Cerys Matthews: 50 years of Glastonbury, its myths & legends and ‘97’s sinking stages

BBC Radio 6 Music presenter and Catatonia singer and songwriter Cerys Matthews speaks to Headliner about her personal Glastonbury experiences, from Worthy Farm highlights and the location’s myths and legends, to her ill-fated 1997 debut and the festival’s upcoming 50th anniversary.

Taking place from June 22-26, this year’s Glastonbury is arguably the most hotly-anticipated in its history, not least because of the two-year wait fans have faced for this special anniversary outing. Headlining the Pyramid stage this year are Billie Eilish, Paul McCartney and Kendrick Lamar on Friday, Saturday and Sunday respectively, while the likes of Sam Fender, Noel Gallagher, Lorde, Elbow, Diana Ross, Herbie Hancock, Foals, Megan Thee Stallion, Pet Shop Boys, Burna Boy, Glass Animals, Little Simz and many, many others will be appearing across the festival’s many stages over the course of the weekend.

To mark the anniversary, the BBC’s new documentary film Glastonbury: 50 Years and Counting will air on June 19, before being made available on iPlayer. The film looks back at five decades of Glastonbury and features interviews with the likes of Michael and Emily Eavis, Billie Eilish, Chris Martin, Lars Ulrich, Johnny Marr, Florence Welch, Orbital, Stormzy, Thom Yorke and Ed O’Brien, Noel Gallagher, Dua Lipa, Norman Cook, Ed Sheeran, Robert Smith and many key figures from across the different areas of the festival, including NYC Downlow, Lost Vagueness, Cinemageddon and the Silver Hayes dance tent.

Here, Matthews, a regular Glastonbury performer and broadcaster, shares some of her most memorable Worthy Farm moments and discusses the reasons she believes the festival has been able to maintain its unique spirit for half a century…

What was your first experience of Glastonbury?

Going to play there with Catatonia in 1997. I think we were due to play the Other Stage. We got there - it was literally a bowl of mud. The stage had sunk into this porridge. We didn’t even get our guitars out of the cases. Bin bags were de rigueur that year.

What have been some of your personal highlights from down the years?

Jerry Dammers on the West Holts stage. Hearing the opening bars to Maggot Brain coming across the fields from the West Holts stage and watching raggedy lines of zombie-like people heading towards the speakers.

Broadcasting for BBC Radio 6 Music for first time from Glastonbury in 2009, interviewing Status Quo after their headline Legends slot, where they pumped out single after single after single. Seeing Dolly Parton in the same slot in 2014, interviewing B.B King, Baaba Maal, having the Rajasthan Brass Band play on my show, and seeing Sturgill Simpson in green wellies (he is from red neck country USA, so it seemed amusing to see him in very English muddy green wellies). Also, during that first broadcast, I’d put on a mobile pack and had a microphone and stood on a green hill overlooking Glastonbury Tor. I’d spent much of the show sharing the ancient history of the area. While looking over these auspicious fields, I did a closing link where I imagined we, the Glastonbury festival goers would, at the end, - just like the mythical characters of these local legends who'd slunk away to the underworld - ebb back to our homes, and there wait for the next year’s date to come around, before reappearing again to worship together on these lands. That felt special. Ageless.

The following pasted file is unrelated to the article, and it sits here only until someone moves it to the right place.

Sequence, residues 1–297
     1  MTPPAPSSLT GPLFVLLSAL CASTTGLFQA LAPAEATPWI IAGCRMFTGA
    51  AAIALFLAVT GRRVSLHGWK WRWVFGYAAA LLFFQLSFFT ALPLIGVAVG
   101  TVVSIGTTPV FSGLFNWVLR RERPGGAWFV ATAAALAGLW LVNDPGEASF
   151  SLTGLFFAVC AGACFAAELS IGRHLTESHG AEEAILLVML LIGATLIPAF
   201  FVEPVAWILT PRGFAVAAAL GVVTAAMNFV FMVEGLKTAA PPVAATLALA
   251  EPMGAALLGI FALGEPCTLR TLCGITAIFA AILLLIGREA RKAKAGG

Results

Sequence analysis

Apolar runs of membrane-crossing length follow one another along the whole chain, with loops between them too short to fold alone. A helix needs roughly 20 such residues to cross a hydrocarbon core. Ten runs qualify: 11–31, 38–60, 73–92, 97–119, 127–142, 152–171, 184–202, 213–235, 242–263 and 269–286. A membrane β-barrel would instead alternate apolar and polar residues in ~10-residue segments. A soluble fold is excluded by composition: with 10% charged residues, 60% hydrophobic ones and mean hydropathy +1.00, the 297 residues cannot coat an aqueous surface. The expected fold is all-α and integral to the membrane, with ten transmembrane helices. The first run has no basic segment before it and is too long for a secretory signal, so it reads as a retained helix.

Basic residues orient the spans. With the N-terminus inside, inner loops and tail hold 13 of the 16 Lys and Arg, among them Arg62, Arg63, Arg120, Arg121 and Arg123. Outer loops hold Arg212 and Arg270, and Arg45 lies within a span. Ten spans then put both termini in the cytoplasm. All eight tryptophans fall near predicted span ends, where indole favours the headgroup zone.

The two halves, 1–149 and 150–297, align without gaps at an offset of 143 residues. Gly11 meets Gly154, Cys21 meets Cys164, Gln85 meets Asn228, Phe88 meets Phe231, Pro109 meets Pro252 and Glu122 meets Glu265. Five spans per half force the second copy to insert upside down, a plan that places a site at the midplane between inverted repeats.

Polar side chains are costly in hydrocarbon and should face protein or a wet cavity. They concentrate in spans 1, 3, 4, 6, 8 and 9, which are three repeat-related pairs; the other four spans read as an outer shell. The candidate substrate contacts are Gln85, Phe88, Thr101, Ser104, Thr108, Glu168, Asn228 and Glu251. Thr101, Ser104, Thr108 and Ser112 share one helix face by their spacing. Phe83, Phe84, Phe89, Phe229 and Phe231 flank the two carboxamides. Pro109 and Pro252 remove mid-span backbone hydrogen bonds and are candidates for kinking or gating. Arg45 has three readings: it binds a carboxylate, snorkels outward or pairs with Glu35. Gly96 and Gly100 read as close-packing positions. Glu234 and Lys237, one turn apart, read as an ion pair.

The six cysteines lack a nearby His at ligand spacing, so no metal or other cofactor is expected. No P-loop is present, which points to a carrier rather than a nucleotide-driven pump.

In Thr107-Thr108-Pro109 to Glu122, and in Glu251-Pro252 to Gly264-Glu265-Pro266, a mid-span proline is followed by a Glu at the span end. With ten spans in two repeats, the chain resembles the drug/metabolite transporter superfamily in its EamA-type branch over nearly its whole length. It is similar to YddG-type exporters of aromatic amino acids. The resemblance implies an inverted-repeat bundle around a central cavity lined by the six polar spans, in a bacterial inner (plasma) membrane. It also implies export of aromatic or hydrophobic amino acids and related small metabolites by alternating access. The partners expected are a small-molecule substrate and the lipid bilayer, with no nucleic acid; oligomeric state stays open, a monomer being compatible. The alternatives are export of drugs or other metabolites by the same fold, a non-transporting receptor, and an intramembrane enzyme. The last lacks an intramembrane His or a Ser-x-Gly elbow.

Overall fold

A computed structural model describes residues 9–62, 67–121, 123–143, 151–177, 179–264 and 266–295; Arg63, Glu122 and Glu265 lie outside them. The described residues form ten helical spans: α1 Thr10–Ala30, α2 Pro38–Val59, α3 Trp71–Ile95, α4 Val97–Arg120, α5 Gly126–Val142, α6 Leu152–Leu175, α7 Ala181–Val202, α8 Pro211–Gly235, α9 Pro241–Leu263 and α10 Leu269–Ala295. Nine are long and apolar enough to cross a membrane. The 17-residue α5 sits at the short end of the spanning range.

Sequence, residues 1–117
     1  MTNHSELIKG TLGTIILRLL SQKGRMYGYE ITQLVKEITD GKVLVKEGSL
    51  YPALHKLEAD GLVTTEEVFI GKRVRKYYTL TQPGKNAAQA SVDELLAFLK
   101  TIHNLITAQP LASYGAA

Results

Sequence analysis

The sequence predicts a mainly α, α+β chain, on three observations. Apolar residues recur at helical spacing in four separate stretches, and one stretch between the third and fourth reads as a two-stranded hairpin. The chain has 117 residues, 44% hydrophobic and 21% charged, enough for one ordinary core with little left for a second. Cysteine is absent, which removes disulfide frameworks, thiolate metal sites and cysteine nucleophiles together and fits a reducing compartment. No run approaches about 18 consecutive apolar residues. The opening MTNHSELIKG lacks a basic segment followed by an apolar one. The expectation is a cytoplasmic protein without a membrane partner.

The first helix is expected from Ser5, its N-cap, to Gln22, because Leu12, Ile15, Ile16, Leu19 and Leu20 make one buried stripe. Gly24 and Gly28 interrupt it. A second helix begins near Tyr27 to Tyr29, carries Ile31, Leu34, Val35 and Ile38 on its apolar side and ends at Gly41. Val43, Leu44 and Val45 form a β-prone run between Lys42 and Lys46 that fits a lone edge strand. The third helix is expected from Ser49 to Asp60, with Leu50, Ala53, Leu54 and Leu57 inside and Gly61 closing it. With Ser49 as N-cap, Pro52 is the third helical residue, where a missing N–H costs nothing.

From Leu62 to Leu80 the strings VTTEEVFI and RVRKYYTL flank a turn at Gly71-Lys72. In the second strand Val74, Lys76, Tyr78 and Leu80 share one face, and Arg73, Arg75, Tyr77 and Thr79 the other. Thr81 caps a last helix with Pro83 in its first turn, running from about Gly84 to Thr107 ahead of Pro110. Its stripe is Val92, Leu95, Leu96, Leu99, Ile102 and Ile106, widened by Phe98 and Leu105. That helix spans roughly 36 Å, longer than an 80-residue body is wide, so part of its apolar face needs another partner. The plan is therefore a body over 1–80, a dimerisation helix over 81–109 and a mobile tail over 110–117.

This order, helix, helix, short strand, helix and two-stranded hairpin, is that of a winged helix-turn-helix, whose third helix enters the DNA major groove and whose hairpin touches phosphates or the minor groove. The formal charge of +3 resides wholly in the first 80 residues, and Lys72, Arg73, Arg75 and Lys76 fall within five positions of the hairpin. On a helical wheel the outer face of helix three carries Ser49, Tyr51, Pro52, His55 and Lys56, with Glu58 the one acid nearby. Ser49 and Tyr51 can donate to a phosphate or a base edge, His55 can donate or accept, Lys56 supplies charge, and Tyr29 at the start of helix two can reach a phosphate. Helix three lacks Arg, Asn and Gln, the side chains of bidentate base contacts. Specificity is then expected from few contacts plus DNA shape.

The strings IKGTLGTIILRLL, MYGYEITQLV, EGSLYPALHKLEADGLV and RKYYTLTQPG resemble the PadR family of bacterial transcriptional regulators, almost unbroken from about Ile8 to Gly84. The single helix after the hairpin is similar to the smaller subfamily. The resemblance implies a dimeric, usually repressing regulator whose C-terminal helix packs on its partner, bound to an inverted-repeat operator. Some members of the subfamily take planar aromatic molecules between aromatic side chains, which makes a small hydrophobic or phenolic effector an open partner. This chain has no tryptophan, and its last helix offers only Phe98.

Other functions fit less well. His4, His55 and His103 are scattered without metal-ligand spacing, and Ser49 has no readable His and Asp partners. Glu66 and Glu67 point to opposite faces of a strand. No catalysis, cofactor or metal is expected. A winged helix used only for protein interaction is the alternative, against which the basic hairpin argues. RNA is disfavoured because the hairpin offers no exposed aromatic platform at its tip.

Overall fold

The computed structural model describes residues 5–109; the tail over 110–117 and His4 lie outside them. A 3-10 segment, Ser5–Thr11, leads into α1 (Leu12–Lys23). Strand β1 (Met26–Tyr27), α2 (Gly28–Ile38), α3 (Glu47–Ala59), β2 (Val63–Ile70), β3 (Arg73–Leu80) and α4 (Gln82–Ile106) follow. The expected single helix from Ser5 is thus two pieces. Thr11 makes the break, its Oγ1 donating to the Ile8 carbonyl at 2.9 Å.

The festival has grown and evolved so much through the decades, how do you think it has been able to expand so much without compromising its unique identity?

It’s this rich and auspicious history of the surrounding area, in addition to the farm element, and Michael Eavis’ eccentricity and the welcome he has always shown to leftfield thinking. All these start to mark it out as different.

Also Vince Power, aka the Mean Fiddler, also needs some credit here for turning it around - making it one of the earliest festivals to move from being a more casual affair to become the user-friendly, charity earning colossus that we know and love the world over.

How will you be celebrating the 50th anniversary on air this year?

My Sunday show will be airing live from the heart of the site.

How special do you think this anniversary edition of Glastonbury will be, especially given the two-year wait?

Seeing live music, which has been curated well and shows great players and a massive variety in styles will all be special, regardless of which festival, given that we’ve not seen and heard so much of late.

You can listen to Headliner’s interviews with fellow BBC Radio presenters Craig Charles and Matt Everitt below, in which they talk all things Glastonbury, from its “naughty side” to convincing Prince to perform at Worthy Farm. You can also read the interview Charles here and Everitt here.

BBC Music brings Glastonbury Festival 2022 to viewers and listeners from Wednesday 22nd - Sunday 26th June on BBC television, BBC iPlayer, BBC Radio and BBC Sounds. Glastonbury: 50 Years & Counting is on BBC Two on Sunday 19th June (9pm), then available on BBC iPlayer